Metro will propel Dubai to a new era of urban appeal


    By Matt Green

    The Dubai Metro’s Red Line will officially open for business on Tuesday and unlike so many public service projects strung around the world, will actually deliver to a long term time-line commitment. Of course the blue and silver driverless trains have been slipping back and forth in whisper mode beside the Sheikh Zayed Road, Dubai’s main inner city thoroughfare and arterial interconnect with Abu Dhabi, for many months now.

    Dubai metro
    Dubai metro

    Considering that construction of the most modern Metro system on the planet only commenced on the fifth of the fifth month of 2005, a grand opening a few months beyond four years hence represents a monumental achievement in a practical sense. Putting the last statement in perspective, the Red Line stretches over a distance of 47 kilometres, with stations located on average every 1.5km. On eventual of completion of both lines, there is a Green counterpart; the linear track count will rise to 70km and the network will embrace 47 stations, nine of them underground.

    In an announcement made by Mattar Al Tayer, Chairman of the Board and Executive Director of Roads & Transport Authority (RTA), the Red Line will now go live on September 9 with a reduced complement of 10 key operational stations. The remainder will be brought into service in phases over the coming months as surrounding developments come online. Opening of the Green Line will be also be put back by three months.

    Officials from the RTA estimate that the system will ultimately carry 27,000 passengers every hour equating to 355 million passengers per annum once the two lines are fully operational. This is indeed a giant stride onward and upward from Dubai’s current ball-park public transport utilisation of just five per cent.

    Yet the arrival of the Metro, while undeniably beneficial from a global destination perspective does not merely represent another top-end statistic emerging from Dubai’s extensive public relations bank. The commercial and social impacts are simply immense, for advanced public transport plays a crucial role in facilitating faster and more sustainable growth. One only has to examine the advantages secured by other major cities with sophisticated travel connectivity in densely populated environments. London, Moscow, Paris, New York and Tokyo are all equipped with highly respected metros and are also renowned as epicentres of economic activity, a status that will no doubt be maintained as they work their way through the present downturn. In Dubai’s case, trains will run at a maximum speed of 90km per hour, with a final frequency target set at every 3.45 minutes during peak hours and every 7 minutes off peak. In the initial stages 11 trains out of an overall fleet of 62 will operate on Red Line carrying 3,500 passengers per hour in either direction, and arriving at 10 minute intervals. Customer service and commuter communication is a crucial factor which, if provided according to the pre-opening publicity campaign and the same standard as the service levels already in existence at Dubai International Airport, should rise to expectation.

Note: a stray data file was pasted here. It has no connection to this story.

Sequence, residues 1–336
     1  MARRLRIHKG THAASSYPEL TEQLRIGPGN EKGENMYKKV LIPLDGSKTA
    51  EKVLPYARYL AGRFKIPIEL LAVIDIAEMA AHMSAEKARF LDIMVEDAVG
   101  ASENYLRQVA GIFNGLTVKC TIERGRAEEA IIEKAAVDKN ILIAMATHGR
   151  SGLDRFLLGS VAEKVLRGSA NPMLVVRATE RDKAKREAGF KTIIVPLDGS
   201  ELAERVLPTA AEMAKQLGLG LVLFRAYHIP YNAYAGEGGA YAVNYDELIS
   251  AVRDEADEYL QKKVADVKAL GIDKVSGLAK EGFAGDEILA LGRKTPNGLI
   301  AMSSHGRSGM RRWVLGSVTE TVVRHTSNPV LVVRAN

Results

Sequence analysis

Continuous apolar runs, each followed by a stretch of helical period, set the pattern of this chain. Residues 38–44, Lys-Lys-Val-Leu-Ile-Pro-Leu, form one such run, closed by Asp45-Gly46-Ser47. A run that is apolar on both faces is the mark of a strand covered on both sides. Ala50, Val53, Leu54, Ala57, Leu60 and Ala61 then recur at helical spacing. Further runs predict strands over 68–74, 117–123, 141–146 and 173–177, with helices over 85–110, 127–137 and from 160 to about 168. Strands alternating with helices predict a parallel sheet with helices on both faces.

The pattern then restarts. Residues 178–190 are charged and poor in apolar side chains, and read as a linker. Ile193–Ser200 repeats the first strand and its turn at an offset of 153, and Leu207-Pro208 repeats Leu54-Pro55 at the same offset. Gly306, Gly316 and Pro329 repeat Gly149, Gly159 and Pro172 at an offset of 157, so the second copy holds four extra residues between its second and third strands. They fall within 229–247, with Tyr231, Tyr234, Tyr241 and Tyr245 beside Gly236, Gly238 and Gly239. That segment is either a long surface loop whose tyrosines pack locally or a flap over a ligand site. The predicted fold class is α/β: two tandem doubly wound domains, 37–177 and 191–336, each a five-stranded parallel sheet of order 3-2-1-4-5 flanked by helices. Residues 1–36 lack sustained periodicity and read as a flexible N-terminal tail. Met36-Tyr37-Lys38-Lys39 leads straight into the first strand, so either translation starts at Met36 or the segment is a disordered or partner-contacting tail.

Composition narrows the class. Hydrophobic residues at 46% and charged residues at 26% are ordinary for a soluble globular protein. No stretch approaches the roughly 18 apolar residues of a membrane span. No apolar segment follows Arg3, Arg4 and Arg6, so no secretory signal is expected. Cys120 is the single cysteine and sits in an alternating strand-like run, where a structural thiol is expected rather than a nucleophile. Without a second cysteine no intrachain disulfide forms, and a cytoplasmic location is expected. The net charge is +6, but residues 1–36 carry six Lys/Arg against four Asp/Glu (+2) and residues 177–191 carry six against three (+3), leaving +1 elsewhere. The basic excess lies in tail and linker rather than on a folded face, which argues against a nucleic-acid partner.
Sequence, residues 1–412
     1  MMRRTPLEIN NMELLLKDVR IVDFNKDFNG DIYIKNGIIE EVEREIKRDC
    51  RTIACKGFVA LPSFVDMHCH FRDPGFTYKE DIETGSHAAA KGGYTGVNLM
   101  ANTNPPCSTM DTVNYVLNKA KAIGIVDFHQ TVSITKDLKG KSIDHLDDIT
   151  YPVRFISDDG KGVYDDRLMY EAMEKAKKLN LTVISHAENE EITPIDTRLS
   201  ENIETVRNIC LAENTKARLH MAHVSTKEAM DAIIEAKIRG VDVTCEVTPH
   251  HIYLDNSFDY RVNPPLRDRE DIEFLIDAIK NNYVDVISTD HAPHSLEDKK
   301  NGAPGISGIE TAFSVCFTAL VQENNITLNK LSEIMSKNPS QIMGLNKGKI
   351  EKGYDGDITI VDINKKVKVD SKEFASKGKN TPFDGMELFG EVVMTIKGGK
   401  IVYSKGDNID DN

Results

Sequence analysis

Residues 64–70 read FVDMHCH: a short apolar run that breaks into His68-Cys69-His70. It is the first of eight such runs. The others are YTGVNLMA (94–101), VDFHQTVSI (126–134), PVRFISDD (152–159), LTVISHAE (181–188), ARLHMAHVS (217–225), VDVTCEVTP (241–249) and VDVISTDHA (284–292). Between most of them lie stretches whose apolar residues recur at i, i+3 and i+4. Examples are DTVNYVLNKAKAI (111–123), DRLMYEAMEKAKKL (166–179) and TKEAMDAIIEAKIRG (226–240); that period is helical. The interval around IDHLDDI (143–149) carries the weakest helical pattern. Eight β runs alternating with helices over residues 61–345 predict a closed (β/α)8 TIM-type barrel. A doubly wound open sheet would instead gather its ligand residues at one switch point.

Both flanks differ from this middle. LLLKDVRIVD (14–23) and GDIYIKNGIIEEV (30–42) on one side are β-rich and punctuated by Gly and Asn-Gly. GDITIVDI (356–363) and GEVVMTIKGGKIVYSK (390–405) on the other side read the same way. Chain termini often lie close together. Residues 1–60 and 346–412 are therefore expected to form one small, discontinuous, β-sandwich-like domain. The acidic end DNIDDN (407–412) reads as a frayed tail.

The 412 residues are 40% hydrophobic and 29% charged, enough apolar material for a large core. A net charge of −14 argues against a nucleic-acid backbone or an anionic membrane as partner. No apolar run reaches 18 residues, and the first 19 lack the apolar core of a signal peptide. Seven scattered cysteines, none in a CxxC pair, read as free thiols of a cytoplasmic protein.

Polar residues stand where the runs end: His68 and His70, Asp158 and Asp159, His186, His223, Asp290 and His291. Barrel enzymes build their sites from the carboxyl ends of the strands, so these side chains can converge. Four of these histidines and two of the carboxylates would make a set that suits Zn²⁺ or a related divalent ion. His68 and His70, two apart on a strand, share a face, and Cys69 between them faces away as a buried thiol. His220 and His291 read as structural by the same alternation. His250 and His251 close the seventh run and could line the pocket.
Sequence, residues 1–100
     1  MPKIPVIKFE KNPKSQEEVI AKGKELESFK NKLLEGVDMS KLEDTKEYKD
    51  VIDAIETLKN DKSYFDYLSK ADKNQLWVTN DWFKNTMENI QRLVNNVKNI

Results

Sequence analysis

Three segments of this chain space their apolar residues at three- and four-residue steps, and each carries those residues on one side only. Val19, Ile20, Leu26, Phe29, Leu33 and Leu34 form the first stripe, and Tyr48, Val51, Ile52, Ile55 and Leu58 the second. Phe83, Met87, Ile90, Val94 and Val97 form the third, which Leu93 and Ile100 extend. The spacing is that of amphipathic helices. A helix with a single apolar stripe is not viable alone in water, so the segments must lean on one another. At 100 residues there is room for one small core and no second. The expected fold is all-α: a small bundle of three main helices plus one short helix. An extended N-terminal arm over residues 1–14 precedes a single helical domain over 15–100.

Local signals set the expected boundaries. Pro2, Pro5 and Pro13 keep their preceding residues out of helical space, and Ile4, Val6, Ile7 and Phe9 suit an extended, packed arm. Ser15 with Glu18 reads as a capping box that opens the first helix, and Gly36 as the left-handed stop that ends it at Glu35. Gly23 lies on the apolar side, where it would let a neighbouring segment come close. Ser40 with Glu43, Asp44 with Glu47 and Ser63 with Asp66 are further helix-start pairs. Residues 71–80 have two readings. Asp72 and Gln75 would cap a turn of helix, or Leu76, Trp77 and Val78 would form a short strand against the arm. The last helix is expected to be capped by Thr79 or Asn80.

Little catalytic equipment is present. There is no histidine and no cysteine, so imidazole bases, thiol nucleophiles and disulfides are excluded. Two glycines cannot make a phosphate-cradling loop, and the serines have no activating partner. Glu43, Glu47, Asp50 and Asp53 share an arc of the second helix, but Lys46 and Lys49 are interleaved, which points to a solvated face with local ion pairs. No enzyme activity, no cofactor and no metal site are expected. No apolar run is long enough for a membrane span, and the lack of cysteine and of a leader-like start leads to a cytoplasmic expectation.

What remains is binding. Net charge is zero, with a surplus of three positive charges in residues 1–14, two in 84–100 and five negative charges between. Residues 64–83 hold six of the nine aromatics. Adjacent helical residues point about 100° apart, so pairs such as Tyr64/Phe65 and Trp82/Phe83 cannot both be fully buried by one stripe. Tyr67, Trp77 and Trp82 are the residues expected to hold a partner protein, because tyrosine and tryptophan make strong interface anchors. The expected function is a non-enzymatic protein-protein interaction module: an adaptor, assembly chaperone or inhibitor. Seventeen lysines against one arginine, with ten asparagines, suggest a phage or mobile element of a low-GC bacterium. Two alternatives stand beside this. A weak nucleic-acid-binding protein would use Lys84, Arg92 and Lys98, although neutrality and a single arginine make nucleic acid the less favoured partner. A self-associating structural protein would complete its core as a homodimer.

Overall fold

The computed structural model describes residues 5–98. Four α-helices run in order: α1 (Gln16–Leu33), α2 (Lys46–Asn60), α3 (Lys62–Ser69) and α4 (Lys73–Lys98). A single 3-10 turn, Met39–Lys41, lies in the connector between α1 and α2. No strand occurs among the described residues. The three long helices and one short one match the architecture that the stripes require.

Nevertheless, climate coupled with the immediacy and proximity of feeder transport systems are paramount considerations for future success of the Metro. There is little that the RTA can do about the weather, but the “fishbone” integration of transport feeder network is extensive with 41 bus routes linking directly to Red Line Metro stations served by a fleet of 778 new buses. The intermediary air-conditioned passenger corridors will prove the telling factor. In terms of connecting communities on a more social basis the official Metro operating hours are from 6am until 12 midnight, the remaining hours are allocated to maintenance of both trains and track. New York for example is remarkable for owning one of the largest subways in the world in terms of track and the only American city where the inhabitants use more public than private transport, as a result of being able to travel any time – day or night. However, it will take time to wean Dubai residents away from the car culture and measures to make the cost saving differential between consistently driving a private vehicle and migrating to public transport more significant are likely.